It’s probably one of the most common questions I get. Want to know the fun part? The answer varies. It all depends on the method you use to start your locs. In my case, I started my dreads the long, slow hard way, and so it literally took me 1.5 – 2 years to look presentable in public. (I took very few photos of myself during that time, and went through a wear-a-hat-all-the-time phase).
Spoiler alert: There’s a new way to do it that can give you near instant, permanent dreads within a day or two. We’ll get to that in a bit.
Let’s discuss a handful of methods.
Backcombing involves starting close to your scalp and essentially combing your hair backwards with a dreadlock comb. With this method, it is possible to get dread-like locs right off the bat, but there’s a solid chance they’ll look messy and fuzzy for a while. It also takes alot of elbow grease.
Braids and Two-Strand Twists
With this method, you essentially braid all of your hair, and then from there wash it like normal with the braids in. Over time, hopefully your hair will loc. Same with two-strand twists. I tried this method for months, and given my type of soft hair, it didn’t work very well.
With this method, it can take 6 months+, and depends on the texture and condition of your hair. Neglect is pretty self-explanatory: you simply neglect washing, and often combing your hair, and let it do what it wants to do. Eventually it may loc and mat itself up. The downside of this method (aside from the length of time) is that you are making the decision NOT to control how your dreads are divided, so you’ll most likely get some wild-looking locs on your head. Personally, I don’t recommend this method.
Now that we’ve covered the most common methods, let’s discuss a better way…
Say what? Permanent dreads within a day? Enter the crochet hook method.
Crochet Hook Method
With the crochet hook method, you are using a crochet hook to form your dreads by hand. Yes, it takes effort, but with someone helping you, you can have instant, permanent dreads in a day or two. And as long as you have enough original hair length to begin with, this method should work for you. Over time, your new dreads will smooth out and mature while your new growth eventually locs. This method is also great for maintaining your dreads, locking in new growth by hand, and reducing overall frizziness.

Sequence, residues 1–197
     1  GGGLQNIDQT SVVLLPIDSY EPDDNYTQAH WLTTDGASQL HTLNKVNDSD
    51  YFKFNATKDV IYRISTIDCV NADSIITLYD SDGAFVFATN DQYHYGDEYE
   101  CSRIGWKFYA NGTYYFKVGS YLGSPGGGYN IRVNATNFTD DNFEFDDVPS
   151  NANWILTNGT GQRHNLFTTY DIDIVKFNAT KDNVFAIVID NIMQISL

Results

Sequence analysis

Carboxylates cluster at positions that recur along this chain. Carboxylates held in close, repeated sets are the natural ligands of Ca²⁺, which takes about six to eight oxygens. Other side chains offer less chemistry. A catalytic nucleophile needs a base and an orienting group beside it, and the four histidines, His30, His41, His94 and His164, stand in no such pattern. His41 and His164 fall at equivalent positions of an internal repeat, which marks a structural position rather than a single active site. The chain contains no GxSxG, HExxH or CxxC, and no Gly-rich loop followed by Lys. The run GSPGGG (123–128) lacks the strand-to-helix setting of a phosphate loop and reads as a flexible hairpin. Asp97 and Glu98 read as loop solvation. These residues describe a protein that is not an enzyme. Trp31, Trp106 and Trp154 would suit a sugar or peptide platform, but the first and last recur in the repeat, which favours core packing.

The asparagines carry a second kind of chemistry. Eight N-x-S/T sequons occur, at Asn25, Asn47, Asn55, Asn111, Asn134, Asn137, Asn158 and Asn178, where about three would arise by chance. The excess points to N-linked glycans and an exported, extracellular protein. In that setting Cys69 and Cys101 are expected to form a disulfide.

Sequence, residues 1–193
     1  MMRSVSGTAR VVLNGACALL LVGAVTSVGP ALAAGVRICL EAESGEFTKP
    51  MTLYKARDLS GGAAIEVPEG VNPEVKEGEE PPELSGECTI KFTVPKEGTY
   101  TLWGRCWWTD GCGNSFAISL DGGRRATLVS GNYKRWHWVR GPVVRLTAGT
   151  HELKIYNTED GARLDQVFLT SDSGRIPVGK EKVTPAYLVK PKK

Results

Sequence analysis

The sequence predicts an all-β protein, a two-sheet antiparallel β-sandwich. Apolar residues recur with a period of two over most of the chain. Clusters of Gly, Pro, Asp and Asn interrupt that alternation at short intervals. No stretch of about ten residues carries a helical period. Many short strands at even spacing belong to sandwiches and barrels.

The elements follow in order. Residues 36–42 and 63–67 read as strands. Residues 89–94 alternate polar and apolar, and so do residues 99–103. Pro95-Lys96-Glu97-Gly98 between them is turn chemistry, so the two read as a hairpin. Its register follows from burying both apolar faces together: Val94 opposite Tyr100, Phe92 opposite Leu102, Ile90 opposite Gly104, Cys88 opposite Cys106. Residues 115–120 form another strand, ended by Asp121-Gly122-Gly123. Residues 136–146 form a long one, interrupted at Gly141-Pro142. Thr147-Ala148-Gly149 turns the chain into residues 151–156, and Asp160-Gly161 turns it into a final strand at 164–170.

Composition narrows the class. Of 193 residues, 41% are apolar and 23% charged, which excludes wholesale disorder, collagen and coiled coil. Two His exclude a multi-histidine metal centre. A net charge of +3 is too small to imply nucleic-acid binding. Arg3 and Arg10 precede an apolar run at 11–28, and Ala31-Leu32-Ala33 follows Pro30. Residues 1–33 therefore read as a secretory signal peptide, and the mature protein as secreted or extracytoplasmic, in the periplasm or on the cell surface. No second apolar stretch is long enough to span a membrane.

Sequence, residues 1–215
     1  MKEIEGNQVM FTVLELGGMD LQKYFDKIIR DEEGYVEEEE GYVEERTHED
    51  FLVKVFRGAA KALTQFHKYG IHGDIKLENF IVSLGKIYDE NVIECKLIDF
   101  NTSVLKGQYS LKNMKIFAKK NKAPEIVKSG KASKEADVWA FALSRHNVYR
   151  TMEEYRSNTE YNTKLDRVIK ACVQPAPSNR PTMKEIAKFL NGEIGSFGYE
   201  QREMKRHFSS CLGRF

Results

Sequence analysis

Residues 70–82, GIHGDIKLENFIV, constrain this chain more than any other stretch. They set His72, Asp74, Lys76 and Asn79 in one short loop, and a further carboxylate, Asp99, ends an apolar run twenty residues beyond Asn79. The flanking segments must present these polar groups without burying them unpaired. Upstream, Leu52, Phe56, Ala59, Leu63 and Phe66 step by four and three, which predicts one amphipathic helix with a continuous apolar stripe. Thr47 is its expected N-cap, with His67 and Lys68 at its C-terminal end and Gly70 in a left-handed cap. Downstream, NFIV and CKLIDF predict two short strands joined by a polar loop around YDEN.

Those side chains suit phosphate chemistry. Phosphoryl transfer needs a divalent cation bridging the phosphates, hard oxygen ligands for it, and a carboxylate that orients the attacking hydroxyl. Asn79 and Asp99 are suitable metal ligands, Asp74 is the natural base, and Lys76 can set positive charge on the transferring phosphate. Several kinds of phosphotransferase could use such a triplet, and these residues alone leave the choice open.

This is the method I wish I would have started with…::sigh::…While I won’t get into all the nitty gritty of this method in this post, we do discuss the crochet hook method more on this blog and recommend it as the best way to start your dreads.
Other Tips Worth Mentioning
It’s worth mentioning that there are ways to speed up your hair growth in general, which obviously affect the length of your dreads. Getting — or giving yourself — a scalp massage is a simple yet effective way to stimulate hair growth. Massage works to stimulate blood flow to the scalp, supporting healthy hair growth by sending nutrient-rich blood to the scalp. Also, maintaining a well-balanced diet based around fresh vegetables, fruit, and lean meats may also help to speed up hair growth. Just remember to limit usage of hair products, as many hair products on the market do more harm than good.
The other issue I want to address is hair thickness, and therefore dreadlock thickness. I tend to get the occasional email asking how someone can make their hair grow in thicker. This is a tough one to answer, because hair thickness can be affected by age, general health, and even thyroid conditions. I’m no doctor, but I do know that getting your hair to grow in thicker overall is not an easy process. You can eat better (see above), but you’ll also have to look at your over lifestyle as well. They say that your hair and skin is a great indicator of the general health of your overall body, so if you have thinning hair, than a quick tip or magic serum is rarely going to help you. You have to address your body as a whole.